Words and Photos: Reef Gaha | Image Selections: Chloe Crawford | Front of House at MBFWA 2016 |
Caramel Animals presents: a retrospective and alternative look at five MBFWA 2016 shows, captured as our contributors worked furiously behind-the-scenes on parallel projects.
Now that the dust has settled (or was it glitter?), we bring you this irreverent and non-comprehensive look back at a few key Resort ‘16/’17 collection showcases.
This show grabbed all the headlines thanks to the inclusion of celebrity model Bella Hadid in the catwalk line-up. Bella is high profile – perhaps thanks in part to big sister Gigi also being a prominent model, and perhaps partly due to romantic ties with contempo Hip Hop artist The Weeknd (sic). Her mama Yolanda was also a prominent model in the 1980s, while Bella has made a couple of appearances on one of this generation’s more notorious reality TV shows (about a certain family), and several high calibre magazine covers including Vogue, Harper’s Bazaar, Elle and GQ.
So how about the threads? Misha Collection’s Michelle Aznavorian brought a black and nude palate, with sheer fabrics offset by corsets, lace and tailored dresses, some topped with flowing pieces reminiscent of pared down (let’s avoid the word ‘deconstructed’) elegant trench coats following a feminine silhouette.
Hair wise, Dale Delaporte and the Prema team brought a slicked back ponytail look, with velvet fabric wrapped around the length of the ponytail. Bella seemed to enjoy the ‘do so much, she kept the pony in while socialising in Sydney later that evening.
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Yeojin’s ‘Contemplation Collection’ marked the 10th anniversary of this label. A palate of red, emerald (Lacoste green, perhaps?), black and rouge nudes set the tone for structured, geometric shoulders. This was complemented by ribbon-cut tassels on flowing skirts and silk fabrics, alongside form fitting shapes and the angular colour blocking with which Yeojin is synonymous.
Each successive look in this runway stepped up the opulence and splendour in subtle degrees until the glamour reached its crescendo with the appearance of a $100,000 wedding dress – reportedly 6 months in the making. The colour palate was shades of Grace Kelly and Audrey H. Khalil presented a collection that included both chic, modern tailored pieces and classic flowing gowns. Metallic details, A-lines and pants, and structured necklines graduated into flowing gowns, delicate lace and applied floral touches.
Dale and the Prema team complemented Khalil’s high, detailed necklines by keeping hair ‘stripped away from the face’, tucking strands behind the head, or sweeping tresses back into braids, whilst height and a lush texture at the hairline added gloss and shine.
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We Are Handsome
Electric prints, striking neon colour and bold fabrics; We Are Handsome’s ‘Hustle Theory’ and ‘Heat Seven’ collections were the highlight of an MBFWA Thursday set aside for active and swimwear. Each model walked tall in patent gold high-tops, athletic hoods, crop tops and leggings eventually peeled away to reveal acid-tropical swim suits, risqué mesh bodysuits and Blade Runner-esque transparent vinyl pieces.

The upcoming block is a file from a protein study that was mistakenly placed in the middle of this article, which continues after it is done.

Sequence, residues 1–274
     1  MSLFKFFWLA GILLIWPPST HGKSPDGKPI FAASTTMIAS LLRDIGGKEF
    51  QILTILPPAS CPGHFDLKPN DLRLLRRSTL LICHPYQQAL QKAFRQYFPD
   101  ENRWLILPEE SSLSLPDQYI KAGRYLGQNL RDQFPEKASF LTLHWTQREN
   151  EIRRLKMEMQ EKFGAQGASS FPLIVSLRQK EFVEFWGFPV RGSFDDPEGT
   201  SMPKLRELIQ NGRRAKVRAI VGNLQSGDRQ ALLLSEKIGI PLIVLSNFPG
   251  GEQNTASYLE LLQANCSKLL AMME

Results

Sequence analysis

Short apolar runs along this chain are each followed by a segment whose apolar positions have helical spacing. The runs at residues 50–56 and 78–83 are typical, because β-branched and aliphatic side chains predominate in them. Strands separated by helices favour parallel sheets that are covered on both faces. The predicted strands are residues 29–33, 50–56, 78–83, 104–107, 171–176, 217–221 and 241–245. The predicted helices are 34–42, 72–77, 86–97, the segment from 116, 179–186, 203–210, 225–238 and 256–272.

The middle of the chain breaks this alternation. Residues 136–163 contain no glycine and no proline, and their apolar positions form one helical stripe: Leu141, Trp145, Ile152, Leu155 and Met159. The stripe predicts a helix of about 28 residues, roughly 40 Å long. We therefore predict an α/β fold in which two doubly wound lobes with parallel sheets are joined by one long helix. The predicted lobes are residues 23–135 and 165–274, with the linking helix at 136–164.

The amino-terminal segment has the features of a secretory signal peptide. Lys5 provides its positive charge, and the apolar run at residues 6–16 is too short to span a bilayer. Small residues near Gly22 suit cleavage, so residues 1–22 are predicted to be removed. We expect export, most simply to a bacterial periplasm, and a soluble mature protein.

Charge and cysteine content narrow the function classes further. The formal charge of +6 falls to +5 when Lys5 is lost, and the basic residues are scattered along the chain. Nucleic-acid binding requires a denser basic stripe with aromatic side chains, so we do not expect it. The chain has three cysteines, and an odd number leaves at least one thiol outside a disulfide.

Garreth Lenagh for Prema styled the hair in keeping with the active theme. The wet, anti-glamour look was evocative of hitting the streets straight from the beach or gym locker room. ‘Sectioning in the front of the hair embodies the simple act of ‘a girl running fingers through her hair’ while ‘the gold pins were imperfectly placed’ to give the look of a girl who ‘doesn’t use a mirror when getting ready.’
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Oscar De La Renta
One of the first international fashion houses to have shown at MBFWA, De La Renta’s collection closed the week in spectacular form enlisting celeb Australian model Shanina Shaik, and setting the show to a philharmonic sounding cover of Madonna’s Papa Don’t Preach. A diversity of ball gowns, cocktail dresses, skirts and day-to-evening wear were sashayed forth in a range of colours from bold oranges and reds through to deep navy and light powdery blues. Feminine contrast was the key as vibrant floral prints and embroidered pieces also appeared along with blazers and pants suits in a myriad of rich fabrics.
John Pulitano of Headcase directed hair styling for Redken. ‘The look was inspired by the collection which was very French, rich and dreamy. We wanted a modern take on a classic chignon… We did that by creating more of a raw texture into the hair and having quite a few fly-always, giving the overall look a classic modern yet ethereal feel.’
In all, over 55 designers showed at MBFWA 2016 and we’ve only shown you 9.09090909091% here.
Despite some initial misgivings, the new May timeslot and the shift to a Resort Collection focus appears to have been a complete success. For a look behind-the-scenes at some of the hard work which took place backstage, check out MBFWA 2016: Fashion Week from the Other Side.
Reef Gaha is a Sydney based photographer.